Tuesday, December 15, 2009

Recreating the European Starling story


The European Starling is a bird native to most  of temperate Europe and western Asia. I do not remember who was the first person that talked to me about it, Tim?, but since then I knew I wanted to develop something with it. The reason is funny/sad story behind it. The bird, that was only native in Europe and Asia, got introduced in lot of different places at the end of the 19th century. Since then it has spread to all continents and has been treated like a pest in lot of places, and for example, in Australia there is still efforts to prevent its introduction in the West. On the other hand in Europe it has been declining a lot, and it is now actually covered there by the Red List.

Specially appealing is the story on how it got introduced in North America. I will just quote Wikipedia for that:

Although there are approximately 200 million starlings in North America, they are all descendants of approximately 60 birds (or 100 [1]) released in 1890 in Central ParkNew York, by Eugene Schieffelin, who was a member of the Acclimation Society of North America reputedly trying to introduce to North America every bird species mentioned in the works of William Shakespeare.



I knew this was a story that could really be catchy. Specially if we could use scientific primary data to show this story. While working with Tim Robertson and Andrew Hill we started thinking about using Clustr, from Flickr, to create polygons out of primary data and see if we could display this story. I demoed this in Geoweb and TDWG this year and the feedback was most of the time really good. You can watch the video at Vimeo.

The challenge for that was that there is more than 1 million observations of the starling now available on GBIF and the classical point in map did not work well, the visualizations were tedious... well, kind of complicate. But the second semester of this year we started to see interactive maps that seemed to be analyzing raster images on the fly in Flash. This is really really cool. And since then we were just thinking more and more in raster representation of data to further filter in the client and allowing much more rich story telling. And then, one day, I showed the work from Andrew Cottam from WCMC on sea level rise and Google Maps for Flash. That was awesome! And being such a nice guy he is, he publish his code and saved me the time of figuring out the bitwise operations needed for at least one band raster. I am not sure if he wants me to put a link to his ongoing work so I will wait for him to publish it first (maybe in this blog ;) ).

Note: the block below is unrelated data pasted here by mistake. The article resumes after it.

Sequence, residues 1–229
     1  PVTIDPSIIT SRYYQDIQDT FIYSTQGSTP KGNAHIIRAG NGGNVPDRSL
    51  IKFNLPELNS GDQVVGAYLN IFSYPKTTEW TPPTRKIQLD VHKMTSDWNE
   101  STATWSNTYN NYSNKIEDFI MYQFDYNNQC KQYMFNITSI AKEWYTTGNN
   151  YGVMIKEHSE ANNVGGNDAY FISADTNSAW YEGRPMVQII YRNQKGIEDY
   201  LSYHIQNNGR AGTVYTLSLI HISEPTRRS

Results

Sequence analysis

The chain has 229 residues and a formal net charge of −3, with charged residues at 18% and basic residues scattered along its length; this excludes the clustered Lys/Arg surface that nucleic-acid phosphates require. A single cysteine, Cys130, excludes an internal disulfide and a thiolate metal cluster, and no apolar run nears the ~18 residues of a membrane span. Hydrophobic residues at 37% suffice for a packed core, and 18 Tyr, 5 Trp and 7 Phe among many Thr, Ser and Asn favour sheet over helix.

So I could not resist and with  the help of Tim preparing the raster tiles for the starling, and Sergio doing some UI, we prepared the following demo application.


(Click the image to open)

Drag the slider from 1880 to 2010 to see the accumulative records (by date recorded) for the data available on the GBIF network. While you drag the slider you will be presented with tooltips mostly taken from Wikipedia.

Soon we will release all the source code, once a bit cleaned, and will share more technical details. And the best is yet to come... we only used one band on this demo, but we have 3 to play with!!

I hope you like it and want to share some comments.

Ah! Dont forget to turn on sound!

7 comments:

Andrew W Hill said...

Very cool viz guys!

rpg said...

Really awesome. There are a lot of people out there doing citizen science projects dealing with monitoring invasive species where such viz. techniques would be amazing and useful! Too cool.

Peter Desmet said...

Nice! Do you get any meaningful results if you use non-cumulative counts of records per year, for example a shift (to the West) or decline (UK?) in distribution? Or do we need more data for that?

Javier de la Torre said...

Hey Peter. Well the data in GBIF is really basic primary data, not really inventories or things like that. So no, if we group the data by, let say year, you will not get much information about the distribution of the species.

So yeah, lack of data, and also lack of other kind of data, like populations, inventories, etc. With just primary data aggregated from multiple sources it is almost impossible to recreate any species story on a global base.

But as Rob is pointing I believe this could be a great technique for controlled experiments like bioblitz and things like that.

We are also trying the same technique now for species distribution models, fire risk and rasters like that.

Finally the latest experiments we are doing are making use of 2 and 3 bands in the raster. I will be able to publish something about this soon.

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